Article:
D. M. Loranger, 1954. "Ireton Microfossil Zones of Central and Northeastern Alberta", Western Canada Sedimentary Basin: A Symposium; Sponsored by the Alberta Society of Petroleum Geologists, and the Saskatchewan Society of Petroleum Geologists, Leslie M. Clark
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The Ire ton shale member of the Woodbend formation in northeastern and central Alberta contains microfossil assemblages of Upper Devonian age that can be used for correlating stratigraphic sections throughout a large portion of the plains area. These fossils can make substantial contributions to both age determination and facies studies, which are of indirect but pertinent value in understanding the geology of this province. Thirty-three of the most commonly occurring species belonging to twenty genera are figured and described.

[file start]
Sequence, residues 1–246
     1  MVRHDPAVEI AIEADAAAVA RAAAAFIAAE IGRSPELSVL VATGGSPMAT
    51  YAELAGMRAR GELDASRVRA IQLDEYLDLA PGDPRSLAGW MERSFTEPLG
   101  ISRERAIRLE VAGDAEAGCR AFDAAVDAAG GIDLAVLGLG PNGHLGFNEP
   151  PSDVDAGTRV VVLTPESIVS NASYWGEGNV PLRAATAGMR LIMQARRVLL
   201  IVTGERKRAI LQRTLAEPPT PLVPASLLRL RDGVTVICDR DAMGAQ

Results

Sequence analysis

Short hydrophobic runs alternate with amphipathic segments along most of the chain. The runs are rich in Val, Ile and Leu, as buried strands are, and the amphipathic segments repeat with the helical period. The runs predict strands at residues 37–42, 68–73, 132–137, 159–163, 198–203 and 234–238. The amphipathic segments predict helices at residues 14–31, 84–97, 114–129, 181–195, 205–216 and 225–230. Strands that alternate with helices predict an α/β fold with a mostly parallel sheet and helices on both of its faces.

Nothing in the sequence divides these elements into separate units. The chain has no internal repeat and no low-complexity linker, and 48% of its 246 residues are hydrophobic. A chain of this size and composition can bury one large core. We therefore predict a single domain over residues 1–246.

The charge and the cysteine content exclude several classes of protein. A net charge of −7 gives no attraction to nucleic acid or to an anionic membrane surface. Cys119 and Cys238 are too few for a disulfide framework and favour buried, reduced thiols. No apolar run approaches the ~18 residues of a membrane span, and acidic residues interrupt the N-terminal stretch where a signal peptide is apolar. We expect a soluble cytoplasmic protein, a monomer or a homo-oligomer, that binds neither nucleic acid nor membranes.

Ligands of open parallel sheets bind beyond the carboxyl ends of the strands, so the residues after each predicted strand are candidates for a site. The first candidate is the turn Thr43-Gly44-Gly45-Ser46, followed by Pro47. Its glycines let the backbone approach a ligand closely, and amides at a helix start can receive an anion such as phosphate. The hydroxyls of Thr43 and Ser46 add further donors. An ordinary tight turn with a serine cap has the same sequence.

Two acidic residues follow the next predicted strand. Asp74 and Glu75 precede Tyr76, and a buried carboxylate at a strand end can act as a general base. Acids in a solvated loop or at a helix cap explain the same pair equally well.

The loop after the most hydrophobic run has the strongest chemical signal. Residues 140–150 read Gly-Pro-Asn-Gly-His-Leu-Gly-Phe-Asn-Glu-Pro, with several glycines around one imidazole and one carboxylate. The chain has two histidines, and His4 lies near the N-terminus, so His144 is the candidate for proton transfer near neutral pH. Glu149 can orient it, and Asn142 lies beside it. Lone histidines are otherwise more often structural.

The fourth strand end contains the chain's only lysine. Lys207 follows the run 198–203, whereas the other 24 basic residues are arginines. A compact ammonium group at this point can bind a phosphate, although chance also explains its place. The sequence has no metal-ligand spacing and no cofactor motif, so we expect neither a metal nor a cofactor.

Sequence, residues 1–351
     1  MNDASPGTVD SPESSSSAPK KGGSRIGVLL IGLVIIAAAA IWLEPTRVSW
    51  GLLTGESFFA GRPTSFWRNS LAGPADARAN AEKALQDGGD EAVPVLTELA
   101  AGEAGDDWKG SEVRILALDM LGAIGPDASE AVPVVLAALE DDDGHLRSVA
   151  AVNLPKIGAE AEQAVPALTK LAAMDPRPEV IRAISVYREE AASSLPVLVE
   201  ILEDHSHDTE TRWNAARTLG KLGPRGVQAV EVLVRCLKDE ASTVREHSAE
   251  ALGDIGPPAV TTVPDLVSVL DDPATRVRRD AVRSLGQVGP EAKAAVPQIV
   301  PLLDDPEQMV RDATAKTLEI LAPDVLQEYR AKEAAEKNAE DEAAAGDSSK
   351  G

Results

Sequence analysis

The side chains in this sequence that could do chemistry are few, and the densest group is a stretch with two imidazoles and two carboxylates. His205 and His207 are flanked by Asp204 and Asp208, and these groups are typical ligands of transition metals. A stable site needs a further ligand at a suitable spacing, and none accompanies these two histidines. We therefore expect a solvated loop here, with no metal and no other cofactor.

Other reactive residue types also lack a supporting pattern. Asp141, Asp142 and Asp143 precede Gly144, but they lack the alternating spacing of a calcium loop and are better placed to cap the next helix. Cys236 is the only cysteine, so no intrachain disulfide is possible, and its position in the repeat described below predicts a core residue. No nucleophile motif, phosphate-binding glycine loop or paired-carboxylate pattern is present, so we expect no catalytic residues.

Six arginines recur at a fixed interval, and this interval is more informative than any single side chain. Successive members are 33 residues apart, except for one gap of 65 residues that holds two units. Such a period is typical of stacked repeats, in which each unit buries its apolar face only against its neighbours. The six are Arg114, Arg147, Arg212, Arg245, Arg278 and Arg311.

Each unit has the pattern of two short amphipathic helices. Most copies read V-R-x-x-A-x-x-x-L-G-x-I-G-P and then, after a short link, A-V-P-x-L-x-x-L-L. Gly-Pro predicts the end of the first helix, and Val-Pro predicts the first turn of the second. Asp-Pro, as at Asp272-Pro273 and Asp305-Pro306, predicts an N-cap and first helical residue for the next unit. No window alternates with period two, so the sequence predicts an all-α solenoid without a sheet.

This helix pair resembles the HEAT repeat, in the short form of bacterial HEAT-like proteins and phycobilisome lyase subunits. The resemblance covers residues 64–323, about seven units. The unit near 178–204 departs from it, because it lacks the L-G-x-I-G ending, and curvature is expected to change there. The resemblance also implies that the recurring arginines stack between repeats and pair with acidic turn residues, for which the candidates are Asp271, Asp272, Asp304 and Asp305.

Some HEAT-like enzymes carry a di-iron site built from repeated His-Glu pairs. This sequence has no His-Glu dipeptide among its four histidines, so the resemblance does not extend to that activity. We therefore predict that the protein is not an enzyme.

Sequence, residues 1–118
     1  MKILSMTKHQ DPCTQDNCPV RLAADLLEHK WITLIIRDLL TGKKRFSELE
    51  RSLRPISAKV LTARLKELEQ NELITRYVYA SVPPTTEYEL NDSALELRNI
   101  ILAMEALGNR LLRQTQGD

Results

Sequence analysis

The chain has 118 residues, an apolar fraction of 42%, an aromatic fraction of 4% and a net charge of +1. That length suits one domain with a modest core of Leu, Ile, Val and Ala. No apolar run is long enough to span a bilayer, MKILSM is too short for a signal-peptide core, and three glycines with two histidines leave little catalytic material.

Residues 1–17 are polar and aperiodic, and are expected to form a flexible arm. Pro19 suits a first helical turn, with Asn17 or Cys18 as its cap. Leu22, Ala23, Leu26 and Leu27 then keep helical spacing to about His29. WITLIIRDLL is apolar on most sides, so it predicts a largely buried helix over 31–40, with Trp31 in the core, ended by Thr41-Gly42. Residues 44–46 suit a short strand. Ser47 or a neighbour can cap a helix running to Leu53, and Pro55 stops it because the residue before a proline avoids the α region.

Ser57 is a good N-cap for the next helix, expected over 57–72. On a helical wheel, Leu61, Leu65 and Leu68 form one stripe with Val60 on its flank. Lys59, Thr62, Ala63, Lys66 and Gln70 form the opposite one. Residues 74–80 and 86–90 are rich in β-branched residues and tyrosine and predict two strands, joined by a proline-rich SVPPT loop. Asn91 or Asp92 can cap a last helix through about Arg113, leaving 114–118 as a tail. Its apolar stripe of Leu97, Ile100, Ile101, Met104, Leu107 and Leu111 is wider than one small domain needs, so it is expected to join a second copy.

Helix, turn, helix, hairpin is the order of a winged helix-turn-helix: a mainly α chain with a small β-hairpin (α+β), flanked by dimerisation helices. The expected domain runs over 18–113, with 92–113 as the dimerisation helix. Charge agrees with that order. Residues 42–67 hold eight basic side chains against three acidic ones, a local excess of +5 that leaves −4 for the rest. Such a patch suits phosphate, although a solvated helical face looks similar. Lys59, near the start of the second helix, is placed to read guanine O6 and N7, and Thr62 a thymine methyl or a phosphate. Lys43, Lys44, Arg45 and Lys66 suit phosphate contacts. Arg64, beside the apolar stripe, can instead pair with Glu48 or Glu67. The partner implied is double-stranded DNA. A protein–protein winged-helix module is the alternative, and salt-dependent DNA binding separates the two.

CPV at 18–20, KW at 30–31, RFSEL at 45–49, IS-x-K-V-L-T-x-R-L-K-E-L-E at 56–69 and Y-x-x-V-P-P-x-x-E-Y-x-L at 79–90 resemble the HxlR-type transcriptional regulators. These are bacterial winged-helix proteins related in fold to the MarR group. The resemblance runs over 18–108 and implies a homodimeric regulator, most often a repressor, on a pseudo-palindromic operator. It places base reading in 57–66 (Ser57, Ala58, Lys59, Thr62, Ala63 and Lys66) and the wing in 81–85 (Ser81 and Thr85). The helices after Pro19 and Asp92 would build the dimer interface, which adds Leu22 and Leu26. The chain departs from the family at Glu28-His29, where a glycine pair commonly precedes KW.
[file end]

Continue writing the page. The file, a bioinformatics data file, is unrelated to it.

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Western Canada Sedimentary Basin: A Symposium; Sponsored by the Alberta Society of Petroleum Geologists, and the Saskatchewan Society of Petroleum Geologists
An enormous asymmetric structural and sedimentary basin with the deepest part along the eastern margin of the highly disturbed foothills belt of the Rocky Mountains, the Western Canada sedimentary basin is detailed in this volume. It consists of 30 papers dealing with the petroleum geology of the basin, with most of the papers deal with the area south of the Northwest Territories. The geological history of the area is covered, as well as topics such as: regional stratigraphic analysis, paleontological correlations, structural interpretations, folded faults, and the tar sands of Athabaska River.